On the one hand, I do think religion is at fault for war and hate in the war. I do not think it is a direct cause, but an indirect one. I think religion is often used as a motivation for hate and war because we are selfish. As selfish people we have used religion to justify the awful things we have done.
Brian McLaren talks about religions as being a “framing story.” What he means by this is that religion offers us a context in which we live our life. It gives is reasons foe behaving the way in which we do. The reason religions are seen as a cause for war and hatred is because we have used religion as a way to justify our selfishness.[ix]

I know this is hard to hear, but think about “popular Christianity.” We generally believe that God came down in Jesus to die for my (personal) sins so that I can go to heaven when I die. I will escape God’s punishment and all of those people who do not believe will die and go to hell. As a result, we have concluded that we can hate people who are not Christians because God hates them. We believe we are the only people who have it right and we have to protect our beliefs at all costs, even if that means hating and killing people.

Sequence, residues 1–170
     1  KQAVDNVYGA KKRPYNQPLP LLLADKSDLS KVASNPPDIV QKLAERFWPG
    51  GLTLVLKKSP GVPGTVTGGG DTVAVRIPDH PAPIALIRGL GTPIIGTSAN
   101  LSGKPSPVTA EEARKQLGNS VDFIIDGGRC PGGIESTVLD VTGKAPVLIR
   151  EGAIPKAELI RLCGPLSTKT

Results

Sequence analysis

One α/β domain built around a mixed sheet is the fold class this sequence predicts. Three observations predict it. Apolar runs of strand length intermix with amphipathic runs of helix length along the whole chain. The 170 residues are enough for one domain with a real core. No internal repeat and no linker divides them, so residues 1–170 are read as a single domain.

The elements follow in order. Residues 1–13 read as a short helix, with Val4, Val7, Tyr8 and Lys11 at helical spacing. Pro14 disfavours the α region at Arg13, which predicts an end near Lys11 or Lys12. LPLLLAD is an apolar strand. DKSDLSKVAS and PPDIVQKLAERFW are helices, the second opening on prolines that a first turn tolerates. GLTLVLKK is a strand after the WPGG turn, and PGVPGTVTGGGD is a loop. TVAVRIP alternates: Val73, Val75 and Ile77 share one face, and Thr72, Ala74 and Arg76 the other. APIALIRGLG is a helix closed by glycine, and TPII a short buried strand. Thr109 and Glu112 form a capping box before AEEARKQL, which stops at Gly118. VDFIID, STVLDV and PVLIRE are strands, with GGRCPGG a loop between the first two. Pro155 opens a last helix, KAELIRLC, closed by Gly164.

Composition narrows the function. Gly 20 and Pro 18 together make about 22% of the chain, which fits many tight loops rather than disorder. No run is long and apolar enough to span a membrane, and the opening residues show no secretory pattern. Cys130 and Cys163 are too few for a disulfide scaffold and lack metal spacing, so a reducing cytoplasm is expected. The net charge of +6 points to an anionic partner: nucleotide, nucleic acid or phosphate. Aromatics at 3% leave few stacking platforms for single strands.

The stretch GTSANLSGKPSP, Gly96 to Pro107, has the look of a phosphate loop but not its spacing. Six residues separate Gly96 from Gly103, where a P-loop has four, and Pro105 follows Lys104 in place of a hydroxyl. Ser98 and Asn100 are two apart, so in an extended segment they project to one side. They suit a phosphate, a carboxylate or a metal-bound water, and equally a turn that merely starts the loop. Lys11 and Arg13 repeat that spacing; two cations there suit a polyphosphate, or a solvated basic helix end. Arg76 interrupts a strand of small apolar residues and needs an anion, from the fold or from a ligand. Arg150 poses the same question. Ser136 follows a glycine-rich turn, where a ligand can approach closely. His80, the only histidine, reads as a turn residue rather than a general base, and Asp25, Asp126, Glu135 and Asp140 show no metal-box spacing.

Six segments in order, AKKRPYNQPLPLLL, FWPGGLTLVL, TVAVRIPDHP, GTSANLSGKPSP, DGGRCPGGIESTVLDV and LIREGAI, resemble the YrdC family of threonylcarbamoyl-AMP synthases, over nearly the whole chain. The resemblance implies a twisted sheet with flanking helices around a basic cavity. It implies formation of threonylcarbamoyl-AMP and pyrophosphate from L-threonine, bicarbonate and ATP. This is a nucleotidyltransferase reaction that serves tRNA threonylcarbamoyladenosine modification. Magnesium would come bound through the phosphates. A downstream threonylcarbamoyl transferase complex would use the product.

The Message of Jesus
I agree with Brian McLaren that this is not the gospel that Jesus taught us to live out. Think about the Sermon on the Mount for instance. Jesus seems to be correcting a problem in the way Jews lived out their beliefs. They used the law to benefit their purposes. They thought as long as they did not physically kill someone they would be fine, but they could mistreat people all they wanted. They thought as long as they did not commit adultery, they were obeying the law, but they could divorce their wives and leave them devastated in they wanted to. Jesus taught that if we lived out the principles of the Kingdom of Heaven, we could radically change the world. Instead of living out of selfishness, we could live out of love.